How Many Have You Killed?
Yesterday my most stable patient arrested. She was admitted as a purely social admission one week back, she was found without food or a place to stay and was brought to be placed in a homeless shelter. It was around lunchtime that her heart stopped beating and I was told that she was found with food in her mouth, turning blue and unable to breath. Shortly afterwards her heart arrested and we were able to bring her back fifteen minutes later. The chance of meaningful recovery is miniscule and I’m afraid that she would have probably been better off dead. My only conclusion is that she most likely aspirated her food.
I have to admit that the news really shook me. Whenever a patient dies I question myself as a physician. What was missed? Was I to blame? Was there something I did to provoke this? Could I have prevented this? Was there something I should have been doing differently? Were there any clues?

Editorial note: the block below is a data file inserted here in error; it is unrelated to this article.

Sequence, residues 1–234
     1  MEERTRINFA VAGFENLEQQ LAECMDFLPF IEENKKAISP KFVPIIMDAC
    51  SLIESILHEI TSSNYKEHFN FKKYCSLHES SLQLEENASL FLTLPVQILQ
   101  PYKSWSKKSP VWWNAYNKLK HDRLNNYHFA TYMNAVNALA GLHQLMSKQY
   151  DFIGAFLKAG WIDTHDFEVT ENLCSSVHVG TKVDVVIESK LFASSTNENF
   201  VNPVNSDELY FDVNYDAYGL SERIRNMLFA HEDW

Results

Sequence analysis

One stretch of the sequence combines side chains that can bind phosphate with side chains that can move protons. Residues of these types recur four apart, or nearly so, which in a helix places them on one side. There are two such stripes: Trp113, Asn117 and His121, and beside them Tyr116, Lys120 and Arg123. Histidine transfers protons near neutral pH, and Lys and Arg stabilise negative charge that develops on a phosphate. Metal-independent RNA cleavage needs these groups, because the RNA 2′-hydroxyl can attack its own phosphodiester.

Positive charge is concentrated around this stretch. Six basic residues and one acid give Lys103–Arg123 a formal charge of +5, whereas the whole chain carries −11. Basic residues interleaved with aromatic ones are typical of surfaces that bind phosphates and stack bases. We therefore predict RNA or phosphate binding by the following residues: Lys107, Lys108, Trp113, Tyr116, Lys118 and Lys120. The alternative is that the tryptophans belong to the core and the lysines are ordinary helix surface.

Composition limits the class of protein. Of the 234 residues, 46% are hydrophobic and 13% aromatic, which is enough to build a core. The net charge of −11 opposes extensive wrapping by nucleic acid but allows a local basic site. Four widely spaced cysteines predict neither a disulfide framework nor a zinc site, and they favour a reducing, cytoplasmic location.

Sadly, the clues are often hidden. Which makes hindsight so cruel because it makes so much sense. But interpreting a human being is so difficult in real time. Looking back, my patient lost a lot of weight; she vomited once or twice during the week she was there. Last week she hinted that sometimes she has trouble swallowing and I was monitoring her to see if it was true. After a few days of trouble free intake I concluded that her ability to swallow was intact.
I’d like to say it’s the first time I failed to put two and two together but that would be a lie. Unfortunately, experience in medicine is paid in the blood of others. How many will pay before my mind and senses work as one god only knows. Until then, the clues will hide in scripted notes written by interns and residents and consult notes. One day the hints will jump off the page and present themselves as clearly as the moon in the night sky. Until then, I will be the evelasting student.
How many have you killed?
Hindsight is so cruel to the physician.